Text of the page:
Chicago Bracing For Post-Pandemic Foreclosure Surge
As the Circuit Court of Cook County stares down an influx of eviction, foreclosure and other debt collection cases, the local legal community is using the calm before the storm to help Chicago residents mitigate their pandemic-era financial crises and potentially save their homes.
Cook County remotely reopened in July, but has kept evictions, garnishments, repossessions and foreclosures at bay under a statewide moratorium on those proceedings implemented during the COVID-19 health crisis. Judge Moshe Jacobius, who presides over the court's Chancery Division, told Law360 that when a statewide moratorium on foreclosure lifts, there could be a potential onslaught of new cases.
Yet the unusual period of downtime has pushed groups like the Chicago Bar Foundation, Chicago Volunteer Legal Services and Legal Aid Chicago to get ahead of the expected onslaught of cases to develop programs intended to keep people housed. The foundation, for example, is working with the court on plans to restart a foreclosure mediation program that launched amid the 2008 recession and housing crisis but ended several years ago when demand was lower.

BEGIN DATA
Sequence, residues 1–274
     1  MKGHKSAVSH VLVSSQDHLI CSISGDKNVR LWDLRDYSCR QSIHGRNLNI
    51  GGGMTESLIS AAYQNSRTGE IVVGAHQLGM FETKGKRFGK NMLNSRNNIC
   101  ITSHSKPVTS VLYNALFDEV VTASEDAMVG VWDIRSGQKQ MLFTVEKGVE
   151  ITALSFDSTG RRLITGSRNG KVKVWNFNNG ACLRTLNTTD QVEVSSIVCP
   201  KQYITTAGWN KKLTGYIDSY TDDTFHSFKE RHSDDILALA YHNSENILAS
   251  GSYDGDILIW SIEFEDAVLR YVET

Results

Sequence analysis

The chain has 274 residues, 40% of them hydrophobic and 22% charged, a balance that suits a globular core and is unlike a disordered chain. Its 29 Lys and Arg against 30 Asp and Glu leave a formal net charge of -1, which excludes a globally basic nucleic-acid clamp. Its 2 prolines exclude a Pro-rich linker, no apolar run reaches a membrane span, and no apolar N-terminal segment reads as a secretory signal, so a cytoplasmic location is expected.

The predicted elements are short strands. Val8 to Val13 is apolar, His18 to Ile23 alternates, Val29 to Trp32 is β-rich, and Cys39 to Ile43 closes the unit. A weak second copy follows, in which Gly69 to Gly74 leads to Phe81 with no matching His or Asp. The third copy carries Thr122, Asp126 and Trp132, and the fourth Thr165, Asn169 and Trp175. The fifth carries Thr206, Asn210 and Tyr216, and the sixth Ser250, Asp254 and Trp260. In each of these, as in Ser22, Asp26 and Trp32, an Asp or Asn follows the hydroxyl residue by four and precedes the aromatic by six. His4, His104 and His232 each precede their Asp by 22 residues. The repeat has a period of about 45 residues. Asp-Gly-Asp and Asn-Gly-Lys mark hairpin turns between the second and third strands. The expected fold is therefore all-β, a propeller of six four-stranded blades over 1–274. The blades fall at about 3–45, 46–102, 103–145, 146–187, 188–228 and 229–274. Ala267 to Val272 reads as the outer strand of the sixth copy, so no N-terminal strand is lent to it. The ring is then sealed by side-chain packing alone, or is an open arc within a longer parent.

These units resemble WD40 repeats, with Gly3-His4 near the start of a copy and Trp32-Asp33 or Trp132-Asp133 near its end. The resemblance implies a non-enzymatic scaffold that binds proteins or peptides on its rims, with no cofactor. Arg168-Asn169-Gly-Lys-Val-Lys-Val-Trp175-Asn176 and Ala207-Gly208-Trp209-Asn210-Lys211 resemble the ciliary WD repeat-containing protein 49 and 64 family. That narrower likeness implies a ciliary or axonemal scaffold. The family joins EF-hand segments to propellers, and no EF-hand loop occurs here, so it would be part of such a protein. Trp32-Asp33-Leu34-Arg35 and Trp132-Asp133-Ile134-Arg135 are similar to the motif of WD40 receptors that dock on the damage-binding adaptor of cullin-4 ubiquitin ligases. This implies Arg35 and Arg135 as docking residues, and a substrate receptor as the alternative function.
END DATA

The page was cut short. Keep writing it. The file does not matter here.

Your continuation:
"The idea is to try to use some of the lessons from the foreclosure program and others around the country so we can tackle this thing really upfront and try to see if we can come to an agreement that keeps everybody in place, and if not, what's the next best solution," Chicago Bar Foundation Executive Director Robert Glaves told Law360. "If we get anything remotely like we got in 2008 and 2009, we really need to be out in front of this."